To the left of the viewfinder on the Nikon Z7II is a button. Pressing it allows you to select the electronic view finder or back monitor. This took me hours to figure out as I thought controlling the monitor would be in one of the menus. My bad. It’s actually really easy to switch. Here, is a big shout out to my friend Mark Strickland, who told me to look for the button. Now, I can set the camera up to shoot and review in the electronic view finder. I find that this allows me to keep my head in position and not need to move to review images. So, if I need to change a setting other than strobe power, I can make the change and keep shooting. The less I move the better, as sometimes the subjects can be skittish and move. When I feel the need to see an image bigger I can press the monitor button and and see it on the back.
Biggest con. The Nikon Z7II has a short but short but noticeable lag time when camera wakes up. The D850 responds immediately upon pressing shutter halfway down. The reason this is important is that as an underwater photographer I am swimming in a foreign world and from out of the blue, a whale or shark can appear. The Nikon Z7II it takes a second to respond. With the D850, there is no pause. That could be the difference between getting the shot or not. That being said, this kind of reactionary picture does not happen frequently and is not a deal breaker.
Biggest advantage. With one menu setting it is possible to set the Nikon Z7II shutter to as long as 15 minutes. Now, I can easily shoot slow shutter landscapes and not have to use bulb setting or cable release. This is wonderful as I create a lot of seascapes and use motion as part of my composition. Now, I can use filters and set the camera to whatever slow shutter speed I want. This lets me exercise my creativity while doing landscape by the, the night sky, and even light painting. Looking at the settings on the back you can see a 6 second shutter has been selected for the sake of this example. You can’t do that on the D850.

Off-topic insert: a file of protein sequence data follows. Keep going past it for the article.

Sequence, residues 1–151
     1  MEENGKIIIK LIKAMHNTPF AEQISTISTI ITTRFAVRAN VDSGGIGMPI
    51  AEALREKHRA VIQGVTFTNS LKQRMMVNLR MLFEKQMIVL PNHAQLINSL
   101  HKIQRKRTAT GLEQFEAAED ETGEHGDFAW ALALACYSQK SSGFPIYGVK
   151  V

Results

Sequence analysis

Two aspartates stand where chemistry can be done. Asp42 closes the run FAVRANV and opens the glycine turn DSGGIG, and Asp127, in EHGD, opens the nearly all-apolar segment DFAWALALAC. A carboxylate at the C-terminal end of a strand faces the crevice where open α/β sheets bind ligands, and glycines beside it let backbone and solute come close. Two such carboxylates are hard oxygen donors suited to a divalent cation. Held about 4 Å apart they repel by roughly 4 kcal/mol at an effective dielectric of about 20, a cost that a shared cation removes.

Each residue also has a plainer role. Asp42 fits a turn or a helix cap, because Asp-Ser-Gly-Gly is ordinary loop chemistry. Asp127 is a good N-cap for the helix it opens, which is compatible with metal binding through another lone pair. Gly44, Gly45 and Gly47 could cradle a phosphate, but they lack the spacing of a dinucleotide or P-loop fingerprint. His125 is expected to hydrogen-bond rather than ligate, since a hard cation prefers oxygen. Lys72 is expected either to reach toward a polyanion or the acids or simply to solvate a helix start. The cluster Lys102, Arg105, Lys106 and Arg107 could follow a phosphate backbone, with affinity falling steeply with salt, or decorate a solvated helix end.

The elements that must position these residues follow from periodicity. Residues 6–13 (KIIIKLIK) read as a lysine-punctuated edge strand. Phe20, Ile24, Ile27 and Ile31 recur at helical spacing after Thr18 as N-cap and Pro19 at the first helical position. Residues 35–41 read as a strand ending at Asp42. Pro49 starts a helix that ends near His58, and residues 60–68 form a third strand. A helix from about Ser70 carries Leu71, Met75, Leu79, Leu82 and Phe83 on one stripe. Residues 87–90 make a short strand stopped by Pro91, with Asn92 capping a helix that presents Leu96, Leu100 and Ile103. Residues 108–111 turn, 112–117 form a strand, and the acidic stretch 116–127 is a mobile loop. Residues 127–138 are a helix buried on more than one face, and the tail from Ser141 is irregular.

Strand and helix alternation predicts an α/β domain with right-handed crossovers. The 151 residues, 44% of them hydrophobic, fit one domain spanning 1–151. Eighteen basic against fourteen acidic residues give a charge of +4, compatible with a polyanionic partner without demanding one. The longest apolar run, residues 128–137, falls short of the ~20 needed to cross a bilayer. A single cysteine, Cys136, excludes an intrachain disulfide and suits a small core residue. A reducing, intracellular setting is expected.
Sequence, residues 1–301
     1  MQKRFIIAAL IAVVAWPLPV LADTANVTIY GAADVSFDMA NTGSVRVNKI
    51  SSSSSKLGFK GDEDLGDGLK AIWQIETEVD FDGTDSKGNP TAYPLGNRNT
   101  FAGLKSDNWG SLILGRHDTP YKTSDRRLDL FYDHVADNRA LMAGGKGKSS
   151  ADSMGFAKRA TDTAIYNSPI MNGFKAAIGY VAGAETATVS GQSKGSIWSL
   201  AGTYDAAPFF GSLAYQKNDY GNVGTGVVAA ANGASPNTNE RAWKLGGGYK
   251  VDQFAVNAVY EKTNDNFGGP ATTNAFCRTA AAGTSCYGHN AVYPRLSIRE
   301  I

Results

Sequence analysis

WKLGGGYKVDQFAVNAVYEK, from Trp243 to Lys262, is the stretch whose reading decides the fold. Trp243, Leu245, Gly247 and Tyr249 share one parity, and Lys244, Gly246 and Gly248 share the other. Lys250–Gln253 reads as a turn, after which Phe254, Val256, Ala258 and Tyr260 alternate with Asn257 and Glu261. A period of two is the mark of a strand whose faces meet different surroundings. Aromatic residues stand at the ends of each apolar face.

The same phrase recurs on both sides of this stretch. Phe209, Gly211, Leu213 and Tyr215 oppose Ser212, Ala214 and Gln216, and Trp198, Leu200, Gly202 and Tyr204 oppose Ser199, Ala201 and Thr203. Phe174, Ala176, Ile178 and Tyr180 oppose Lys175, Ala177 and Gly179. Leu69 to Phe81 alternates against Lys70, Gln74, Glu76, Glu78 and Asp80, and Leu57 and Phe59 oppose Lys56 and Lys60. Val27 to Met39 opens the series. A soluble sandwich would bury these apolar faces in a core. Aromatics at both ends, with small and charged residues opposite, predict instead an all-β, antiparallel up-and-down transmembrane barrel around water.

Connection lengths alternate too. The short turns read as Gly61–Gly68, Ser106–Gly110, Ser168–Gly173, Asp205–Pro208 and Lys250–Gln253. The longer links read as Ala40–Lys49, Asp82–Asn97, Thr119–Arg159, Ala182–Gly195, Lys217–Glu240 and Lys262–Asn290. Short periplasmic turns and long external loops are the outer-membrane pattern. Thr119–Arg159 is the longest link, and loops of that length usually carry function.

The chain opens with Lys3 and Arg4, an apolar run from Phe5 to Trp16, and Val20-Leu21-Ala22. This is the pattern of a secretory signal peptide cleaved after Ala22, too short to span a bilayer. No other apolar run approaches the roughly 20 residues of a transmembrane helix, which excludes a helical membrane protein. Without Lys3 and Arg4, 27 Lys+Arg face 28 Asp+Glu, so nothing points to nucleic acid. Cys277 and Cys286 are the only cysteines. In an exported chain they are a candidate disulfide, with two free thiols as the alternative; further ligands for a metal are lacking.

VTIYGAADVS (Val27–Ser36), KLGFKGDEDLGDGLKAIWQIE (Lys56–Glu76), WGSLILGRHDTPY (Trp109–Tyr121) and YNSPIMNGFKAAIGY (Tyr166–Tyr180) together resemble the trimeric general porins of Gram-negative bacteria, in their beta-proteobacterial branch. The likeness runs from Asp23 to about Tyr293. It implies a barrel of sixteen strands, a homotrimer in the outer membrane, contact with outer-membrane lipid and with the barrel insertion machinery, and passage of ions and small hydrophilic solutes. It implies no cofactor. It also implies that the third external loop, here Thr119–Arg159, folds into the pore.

I cant tell you why, but for me the D850 creates a softer feeling, and the Z7II creates a crisper feeling. I realize this is an emotional not technical observation. Perhaps this is because of the incredible focus that happens when using live view, & when touching the back monitor on the Z7II, to focus and fire. I really don’t know. In a way the difference between the two for me is reminiscent of the film days as it reminds me of the slight differences between slide films.
Below is a macro portrait of a Leaf Fish, Beautiful sunrise image of the north shore, and wide angle image of a school of fish. Can you tell the which camera was used? Can you see a difference.
If you guessed the middle image was created with the D850 and the other two with the Nikon Z7II you would be correct! Both cameras produce incredible images yet each works differently. So which is right for you?
I am glad I made the switch to mirrorless, but having second thoughts about selling the D850. After all, if it ain’t broke why fix it. So, it seems for a while I will use both!